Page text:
BBEdit and Its Include System
BBEdit and Its Include System
BBEdit, made by Bare Bones, is a venerable and well-loved text editor, particularly suited for creating hand coded websites. It’s not free. I’m using BBEdit v14.0.1, as of this writing, but BBEdit v12.1.6 or later will work. Prior to v12.1.6, the include limit was 16 levels deep — one file calling the next. Because I begged, Bare Bones increased it to 32 levels deep, which is plenty for the needs of Code Modules. In a pinch, BBEdit versions prior to v12.1.6 will work except for the most deeply nested modules.
BBEdit variable names need to begin and end with an octothorpe (#). They cannot have spaces. They may have underscores or hyphens. BBEdit’s unforced convention is that they be all caps. An example: #MODULE#. But these variables are not case-sensitive: #Module# or #module# or #MODULE# are interchangeable. I use an all-caps kebab case convention, but it’s not required.
Variables are passed down the chain, from parent to child, even if not explicitly set in each intermediate file. This permits all sorts of things. One is that variables can be defined high-up in the chain of includes and then redefined — overwritten — lower in the chain.
When used, the variable will be replaced by its value. If the include is
<a href="#URL#">#LINK-TEXT#</a>, then what is returned might be:
<a href="https://pipsqueak.com/">Pipsqueak Productions</a>.
String variables should be quoted using either single or double quotes. The quotes will not be part of the value of the variable. If the string contains a single quote, use double quotes to delimit the string, and vice versa. Even within quotes of either type, a string can contain a variable. If:
#PAGE# = "Home",
#COMPANY# = "CM Company", and
#TITLE# = '#PAGE# — #COMPANY#', then
#TITLE# is Home — CM Company.
One can assign one variable to another, e.g.
#INDENT# = #WIDE-INDENT# where #WIDE-INDENT# was defined somewhere in the parent calling chain. However, the variable being used for the assignment (#WIDE-INDENT#) cannot be defined in the same include. Sometimes, it would be handy if you could assign a value to #FIRST-NAME# and then, in the same include, use #FIRST-NAME# as part of the value for #FULL-NAME#, but you can’t.
BBEdit provides some pre-defined variables which they refer to as “placeholders”. I find the following to be particularly useful:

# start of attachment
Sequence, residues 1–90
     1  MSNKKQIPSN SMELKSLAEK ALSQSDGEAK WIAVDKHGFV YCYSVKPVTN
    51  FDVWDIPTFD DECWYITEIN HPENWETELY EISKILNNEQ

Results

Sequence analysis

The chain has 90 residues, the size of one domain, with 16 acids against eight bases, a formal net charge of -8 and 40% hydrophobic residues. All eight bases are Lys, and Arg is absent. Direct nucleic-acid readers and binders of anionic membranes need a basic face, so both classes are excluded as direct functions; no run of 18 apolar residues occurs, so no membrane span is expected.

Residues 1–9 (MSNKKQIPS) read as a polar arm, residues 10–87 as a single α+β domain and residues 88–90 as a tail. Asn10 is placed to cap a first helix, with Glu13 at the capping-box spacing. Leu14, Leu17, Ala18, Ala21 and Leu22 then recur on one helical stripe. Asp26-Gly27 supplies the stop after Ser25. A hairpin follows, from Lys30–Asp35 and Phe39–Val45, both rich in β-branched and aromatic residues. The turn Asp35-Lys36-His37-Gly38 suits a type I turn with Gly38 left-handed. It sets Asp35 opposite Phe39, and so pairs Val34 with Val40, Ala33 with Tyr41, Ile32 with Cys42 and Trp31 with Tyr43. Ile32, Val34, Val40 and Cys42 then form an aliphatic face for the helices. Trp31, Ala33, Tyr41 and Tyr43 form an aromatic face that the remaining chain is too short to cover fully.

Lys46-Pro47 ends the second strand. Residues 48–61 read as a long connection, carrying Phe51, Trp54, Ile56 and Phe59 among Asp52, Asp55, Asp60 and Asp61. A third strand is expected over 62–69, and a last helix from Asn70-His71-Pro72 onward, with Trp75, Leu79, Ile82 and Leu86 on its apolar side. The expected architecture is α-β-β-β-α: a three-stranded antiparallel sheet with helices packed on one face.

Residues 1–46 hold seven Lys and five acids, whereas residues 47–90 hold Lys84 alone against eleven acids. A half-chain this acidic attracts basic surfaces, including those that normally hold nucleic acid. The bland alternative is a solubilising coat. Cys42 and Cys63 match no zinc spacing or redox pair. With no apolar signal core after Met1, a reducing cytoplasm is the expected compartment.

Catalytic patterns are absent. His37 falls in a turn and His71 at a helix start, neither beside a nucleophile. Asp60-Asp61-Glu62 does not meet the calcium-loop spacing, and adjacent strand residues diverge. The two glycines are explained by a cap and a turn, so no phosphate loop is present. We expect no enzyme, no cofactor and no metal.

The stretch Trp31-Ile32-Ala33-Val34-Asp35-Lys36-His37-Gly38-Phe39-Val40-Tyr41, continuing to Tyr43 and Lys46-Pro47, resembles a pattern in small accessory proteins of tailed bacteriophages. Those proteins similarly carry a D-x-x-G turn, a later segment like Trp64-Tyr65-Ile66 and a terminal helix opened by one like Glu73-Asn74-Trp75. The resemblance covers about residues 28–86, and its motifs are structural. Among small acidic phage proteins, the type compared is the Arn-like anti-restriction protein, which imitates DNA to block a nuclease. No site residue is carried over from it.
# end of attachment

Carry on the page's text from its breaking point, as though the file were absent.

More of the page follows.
- #DATETIME XXX# (where XXX is an ICU format string like "YYYY-MM-dd"),
- #LIPSUM [OPTIONS]# (see User Guide for options syntax), and
Each are described in BBEdit’s online User Guide, Appendix C.
Code Modules reserves a few standard variable names as a convention:
Internal module files use a
shtml extension. My convention for all module filenames is to use an all lowercase kebab style — all lowercase with spaces replaced by hyphens. If there is only one choice — of a list, for example — the filename should be
default.shtml. Otherwise, name it to something related to its purpose.
One limitation of BBEdit’s include feature is that there are no conditionals at all. It would be handy to branch based upon the value of a variable, but, other than shelling out to another language like Applescript or Bash, I haven’t found a way to do that.
One can, however, use a variable value as part of the file path that is used to call child files. For example, one can choose which template a module should use by setting a template variable in the calling include and then using the #TEMPLATE# variable as part of a calling path inside the module.
This is a key to making Code Modules work and minimizes the inconvenience of not being able to use conditionals.
Each website should have a unique modules folder. For each of my sites, at the root level of my website’s file organization, I have
public/ folders. Modules are kept inside the
BBEdit has a preference that must be set for each website to tell it where to look for templates and includes. I specify the
app/modules/ directory as the “Search for Includes” location in BBEdit’s preferences for that website.
app/ folder is kept local and is not pushed to the website’s production server. The
app/ folder should be part of the website’s Git repo.